Reusable Shopping Bags

We soon realized that our roll-up Sierra Club reusable shopping bags worked great for everything except buying groceries. I missed flat-bottom paper bags.

Flat-Bottom and Roll-Up Reusable Bags
We obtained these flat-bottom and roll-up reusable bags in 2010 and 2011 and we still use them.

Fortunately, during an out of town visit, I spotted a flat-bottom reusable bag at an REI store for $1.00 so I bought a couple of bags to try. These bags have both shoulder straps and handles, which I like, so I bought several more. When I joined the Audubon Society in 2011, they sent me four reusable shopping bags with flat bottoms and sturdy handles sporting pictures of pelicans and owls. We added a few more roll-up bags to complete our reusable shopping bag stock.

If necessary, I wash the grocery bags in the kitchen sick or toss the roll-up bags in with a load of laundry and then put them outside to dry.

If you can remember your keys and your wallet, you can learn to remember your reusable bags but we decided to make it easy for ourselves. When not in use, most of the grocery market bags hang out in the trunk of our car and we keep a couple stashed in the hall closet. Roll-up bags reside in a bowl near the front door and in the car door pocket.

On the rare occasion that I do not have a bag with me at the store, I carry the item out naked.

You do not need to make a large financial outlay to obtain reusable bags. Many stores offer low cost or free bags with their name and logo and nonprofit organizations sometimes give them out at events.

When the single-use plastic bag ban came to our town in San Luis Obispo County, CA in 2012, it was a non-event for us.

Reusing and Reusable Produce Bags

Not long after the shopping bag conversion, I purchased a dozen or so reusable and washable mesh bags in an effort to reduce our use of plastic produce bags. We are still using the same bags years later.

Reusable Mesh and Plastic Produce Bags
We supplement our washable mesh produce bags with rinsed out and dried single-use plastic bags.

The mesh bags are excellent for a wide variety of whole fruits and vegetables including, onions, apples, potatoes, tomatoes, bell peppers, and green beans. I do not like using the mesh bags for vegetables that tend to be wet from misting in the produce section like lettuce, green onions, and carrots because they get other things in my shopping cart and grocery bags damp.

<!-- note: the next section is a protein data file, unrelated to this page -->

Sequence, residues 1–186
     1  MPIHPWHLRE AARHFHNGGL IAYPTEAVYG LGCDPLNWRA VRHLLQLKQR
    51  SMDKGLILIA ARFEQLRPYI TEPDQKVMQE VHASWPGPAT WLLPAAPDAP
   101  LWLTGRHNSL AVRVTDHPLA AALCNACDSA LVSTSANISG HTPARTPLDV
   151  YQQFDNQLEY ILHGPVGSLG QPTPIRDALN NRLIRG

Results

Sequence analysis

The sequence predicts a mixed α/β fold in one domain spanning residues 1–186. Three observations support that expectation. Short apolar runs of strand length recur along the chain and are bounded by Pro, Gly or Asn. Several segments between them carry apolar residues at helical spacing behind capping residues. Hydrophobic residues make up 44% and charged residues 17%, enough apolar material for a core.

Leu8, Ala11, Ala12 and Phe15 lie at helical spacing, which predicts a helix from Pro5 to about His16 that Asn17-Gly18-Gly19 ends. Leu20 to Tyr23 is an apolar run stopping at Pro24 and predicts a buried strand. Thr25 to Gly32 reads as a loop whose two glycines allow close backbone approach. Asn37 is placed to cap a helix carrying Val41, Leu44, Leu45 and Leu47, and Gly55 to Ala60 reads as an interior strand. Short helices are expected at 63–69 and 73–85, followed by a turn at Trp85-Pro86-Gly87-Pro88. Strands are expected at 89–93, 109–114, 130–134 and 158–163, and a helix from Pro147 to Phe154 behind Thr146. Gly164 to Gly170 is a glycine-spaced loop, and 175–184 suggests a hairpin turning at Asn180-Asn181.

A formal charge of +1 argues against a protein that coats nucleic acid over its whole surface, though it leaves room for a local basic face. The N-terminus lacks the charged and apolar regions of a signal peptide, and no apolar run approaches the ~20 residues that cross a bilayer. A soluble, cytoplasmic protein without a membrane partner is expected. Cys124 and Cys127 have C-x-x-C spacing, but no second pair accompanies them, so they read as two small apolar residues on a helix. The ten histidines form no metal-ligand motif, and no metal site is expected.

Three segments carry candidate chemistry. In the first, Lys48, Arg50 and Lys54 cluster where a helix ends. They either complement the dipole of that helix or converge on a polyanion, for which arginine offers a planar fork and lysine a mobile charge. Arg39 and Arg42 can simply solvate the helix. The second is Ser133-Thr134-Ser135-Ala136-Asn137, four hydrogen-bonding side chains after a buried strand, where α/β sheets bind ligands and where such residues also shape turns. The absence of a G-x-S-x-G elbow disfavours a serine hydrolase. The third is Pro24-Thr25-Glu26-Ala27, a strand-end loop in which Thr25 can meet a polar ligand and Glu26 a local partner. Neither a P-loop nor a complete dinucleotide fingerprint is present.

That led me to begin rinsing out plastic produce bags or zip-top bags and hanging them to dry on various things around the kitchen like the utensils sticking out of the ceramic crock next to the range.

East DIY Plastic Bag Drying Rack

Once the bags dried, I stuck them in one of the grocery bags along with the mesh bags.

This method worked but it was not convenient so my handy spouse made a DIY plastic bag dryer that was so simple I could probably have made it.

Reusing plastic bags is not an ideal solution because they are still plastic bags; however, it is a step in the right direction.

Bring Your Own Containers

Several years ago, my spouse and I joined the SLO Natural Foods Co-op so we could buy organic food that is grown and made by local and regional farmers and food producers.

The Co-op’s bulk bins are a major attraction housing a wide array of food items including flour, granola, almonds, dried cranberries, rice, sugar, and Zen party mix (now a favorite snack).

Various Sizes of Reusable Plastic and Glass Containers
Brown rice, flour, raisins, smoked paprika, pink salt, sugar, and brown sugar in a variety of reusable plastic and glass containers.

Scooping rice into a plastic bag from the bulk bin seemed to defeat part of the purpose of buying in bulk so we began bringing our own containers. At the store, you weigh the container empty and put a label on it so the checkout clerk knows how much weight to subtract from your purchase of granola or kidney beans. Now, when we get home from the Co-op, we unload our bulk purchase containers from our reusable shopping bags and put them directly in our kitchen cupboards.

Not long ago, I decided to try a similar strategy at the farmers market.

I was tired of bringing home food like mushrooms and strawberries in plastic or cardboard containers, storing the empty containers on the kitchen counter, and then returning them to the farmers the next week.

One week I took my own containers with me and asked the farmers if they would mind if I emptied their containers into my containers. No one said no. A couple of farmers thanked me and said that packaging is expensive so reusing it saves them money and they could refill them on the spot for other customers.

Granted you do have to take containers with you to the grocery market and farmers market, but I think it is worth it.

I hope you can see how you can easily reduce your own single-use plastic bag waste with a little effort and that you decide to try one or two of the above ideas or come up with your own.

While I was writing this post, I thought it would be fun to assess our multi-year single-use plastic bag waste reduction effort. This led to an unexpected discovery that you can read about in the next post if you want to.

Featured Image at Top: Single-use Plastic Shopping Bag Flying through the Air with Trees and Sky in the Background – Photo Credit iStock/Spiderstock

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Resources